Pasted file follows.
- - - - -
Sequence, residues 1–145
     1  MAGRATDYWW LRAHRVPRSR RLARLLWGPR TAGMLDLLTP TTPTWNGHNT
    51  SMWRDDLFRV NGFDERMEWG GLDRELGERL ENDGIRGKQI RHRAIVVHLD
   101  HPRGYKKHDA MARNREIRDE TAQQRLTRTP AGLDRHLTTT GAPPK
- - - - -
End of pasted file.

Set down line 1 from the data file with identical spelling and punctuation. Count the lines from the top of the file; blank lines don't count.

Sequence, residues 1–145